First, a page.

The nation’s cable-TV viewers evinced more capacious sensibilities than the critics. The show was a smash, drawing an enthusiastic audience of more than 6,000, paying up to $100 a head, to L.A.’s Universal Amphitheatre; HBO unscrambled its signal to make the show available to cable viewers across the country. That certainly was a relief to co-host comics Whoopi Goldberg, 36, Robin Williams, 33, and Billy Crystal, 38, who had donated three intense months to the project, and to producer Bob Zmuda, 34, comedy writer for the late Andy Kaufman, who had conceived the whole shebang and gotten 60 comics to throw away their best lines. All had fretted that Comic Relief would bomb. “It could be like the Comedy Club, where people sit for three hours and don’t buy drinks,” worried Williams. An hour or so into the proceedings, an astonished Crystal was announcing, “The phones are going nutso! We’re bringing in $10,000 a minute!” The first airing of the show raised nearly $2.5 million, which organizers expect to grow by several million dollars after subsequent showings and the release of a Comic Relief book, record and videocassette. The money will be distributed to provide medical care for the homeless in 18 designated cities.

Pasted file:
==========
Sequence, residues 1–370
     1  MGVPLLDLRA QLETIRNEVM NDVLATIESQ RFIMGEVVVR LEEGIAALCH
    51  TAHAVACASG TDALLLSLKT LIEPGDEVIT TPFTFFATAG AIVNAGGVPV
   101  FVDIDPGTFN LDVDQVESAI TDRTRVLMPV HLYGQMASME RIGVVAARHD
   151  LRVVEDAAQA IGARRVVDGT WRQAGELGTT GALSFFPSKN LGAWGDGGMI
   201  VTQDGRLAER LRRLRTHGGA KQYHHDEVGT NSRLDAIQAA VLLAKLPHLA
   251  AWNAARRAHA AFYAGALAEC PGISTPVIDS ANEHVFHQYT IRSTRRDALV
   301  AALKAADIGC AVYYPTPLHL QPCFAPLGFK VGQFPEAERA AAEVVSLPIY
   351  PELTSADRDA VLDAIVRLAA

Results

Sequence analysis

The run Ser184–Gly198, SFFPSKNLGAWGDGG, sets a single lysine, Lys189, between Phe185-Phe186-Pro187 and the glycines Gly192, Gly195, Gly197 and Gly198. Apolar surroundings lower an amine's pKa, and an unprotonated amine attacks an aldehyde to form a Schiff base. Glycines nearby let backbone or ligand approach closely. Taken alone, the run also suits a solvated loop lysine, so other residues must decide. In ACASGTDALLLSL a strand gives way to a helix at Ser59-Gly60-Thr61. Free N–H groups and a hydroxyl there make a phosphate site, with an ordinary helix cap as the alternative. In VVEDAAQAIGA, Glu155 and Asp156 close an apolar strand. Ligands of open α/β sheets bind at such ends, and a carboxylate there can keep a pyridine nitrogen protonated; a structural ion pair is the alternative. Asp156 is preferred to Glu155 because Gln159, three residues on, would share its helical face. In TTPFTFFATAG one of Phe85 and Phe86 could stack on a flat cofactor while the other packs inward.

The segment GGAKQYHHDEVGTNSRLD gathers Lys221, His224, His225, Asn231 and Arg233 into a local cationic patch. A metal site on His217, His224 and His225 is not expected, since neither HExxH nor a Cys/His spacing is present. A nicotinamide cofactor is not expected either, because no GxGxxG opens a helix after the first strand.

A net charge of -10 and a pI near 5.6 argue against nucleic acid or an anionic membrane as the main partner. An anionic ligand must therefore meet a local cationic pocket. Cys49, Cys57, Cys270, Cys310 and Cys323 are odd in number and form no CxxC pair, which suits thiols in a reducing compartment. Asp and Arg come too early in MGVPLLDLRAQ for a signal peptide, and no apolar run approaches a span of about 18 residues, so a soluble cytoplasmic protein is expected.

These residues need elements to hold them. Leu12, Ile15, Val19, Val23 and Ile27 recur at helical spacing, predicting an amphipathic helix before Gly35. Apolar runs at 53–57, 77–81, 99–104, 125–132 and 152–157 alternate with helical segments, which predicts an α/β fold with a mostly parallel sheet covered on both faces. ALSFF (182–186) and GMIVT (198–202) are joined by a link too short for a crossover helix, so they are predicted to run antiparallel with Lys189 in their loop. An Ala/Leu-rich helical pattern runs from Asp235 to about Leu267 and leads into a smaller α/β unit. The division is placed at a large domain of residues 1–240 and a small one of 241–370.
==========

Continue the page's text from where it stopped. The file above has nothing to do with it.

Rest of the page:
If the people at home liked what they saw on the small screen, they would have loved what was going on backstage—and doubtless winced, too. The talent began arriving at the cavernous theater about 10 Saturday morning, eight hours before the telecast. Belzer, peering out through shades, and Ghostbuster Harold Ramis were in the first wave, along with Saturday Night Live’s ultimate nerd, Martin Short.